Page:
National Key Deer Refuge

October 28, 2010

Spring Break road trip 029

Continuing south on my road trip around Florida, I drive down A1A until I eventually reach Hwy. 1 and the wonderful, beautiful, laid back set of islands known as the Florida Keys.

The welcome to Key Largo was a huge relief, and now I knew I was almost to my overall destination for the road trip, Key West.

But, I have to caution. Don’t skip all of the other great Keys just to get to Key West.

There are several great outdoor opportunities to see while traveling South to “Mile Zero.”   One of these is the National Key Deer Refuge located primarily on Big Pine Key.

National Key Deer Refuge

The National Key Deer Refuge is home to a tiny, cute little animal known as the Key Deer.


– Unfortunately, I couldn’t get any great shots of the Key Deer (they move fast), but this one I found from here.

These deer look a lot like white tailed deer, but are much smaller in size, and endangered. If you want to see these deer, there is only one place in the world to see them in the wild, and that is on Big Pine Key.

While traveling down Hwy. 1, you really can’t miss the refuge. Large signs and a long fence running parallel with the road indicate Key Deer  are nearby. Please…DRIVE SLOW as the signs request. Too many of these deer are killed each year in car accidents, and these deer will dart in front of your car. I saw four deer on my trip, and 3 out of 4, darted right out in front of me. With only around 800 in the wild, even one a year is too many.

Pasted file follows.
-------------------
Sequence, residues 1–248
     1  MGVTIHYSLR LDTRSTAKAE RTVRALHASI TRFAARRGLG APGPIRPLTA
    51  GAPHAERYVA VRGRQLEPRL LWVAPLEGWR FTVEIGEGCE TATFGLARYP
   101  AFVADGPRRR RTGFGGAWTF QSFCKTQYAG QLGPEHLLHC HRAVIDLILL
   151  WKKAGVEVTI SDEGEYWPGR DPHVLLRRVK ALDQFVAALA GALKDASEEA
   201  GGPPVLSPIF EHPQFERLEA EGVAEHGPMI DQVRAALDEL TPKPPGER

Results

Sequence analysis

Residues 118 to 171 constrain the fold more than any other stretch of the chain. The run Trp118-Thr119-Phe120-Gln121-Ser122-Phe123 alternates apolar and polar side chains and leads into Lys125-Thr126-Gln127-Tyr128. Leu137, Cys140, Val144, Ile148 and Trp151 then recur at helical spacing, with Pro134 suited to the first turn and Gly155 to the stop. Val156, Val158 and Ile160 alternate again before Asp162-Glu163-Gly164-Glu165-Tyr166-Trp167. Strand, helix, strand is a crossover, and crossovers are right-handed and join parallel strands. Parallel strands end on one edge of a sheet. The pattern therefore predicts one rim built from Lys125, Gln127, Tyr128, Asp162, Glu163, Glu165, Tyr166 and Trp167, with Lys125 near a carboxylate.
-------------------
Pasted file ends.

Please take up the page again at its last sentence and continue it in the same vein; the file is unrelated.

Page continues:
To see the deer, there are really two opportune “locations.”  As you enter Big Pine Key, a sign on the right will indicate the direction of the Visitor’s Center. Turning on the road, you will soon see a forked road. The Visitor’s Center is in a shopping center that actually sets between the forks, about 100 or so yards down the road (so either direction can get you to the Center).

If you go right on the road, you can head towards No Name Key. Again…DRIVE SLOW. Watch the hedges on each side of the road, and you’ll likely see a deer by the time you reach the end of No Name Key.

Look especially hard near the homes you see, as I have been told that the deer like to hang out around them.


If you go left, follow the road all the way to its end. There are some developmental sites at the end of the road, and the deer like to hang out near this construction as well.

Finally, I suggest also checking out the Blue Hole for some potential views of other wildlife. Especially if you are into reptiles and bird life. There is a short hiking loop around the Blue Hole Lake with a number of openings for wildlife viewing.

Blue Hole in Key Deer Refuge


1. Hwy. 1 South to Big Pine Key.

2. Turn Right on Key Deer Blvd.


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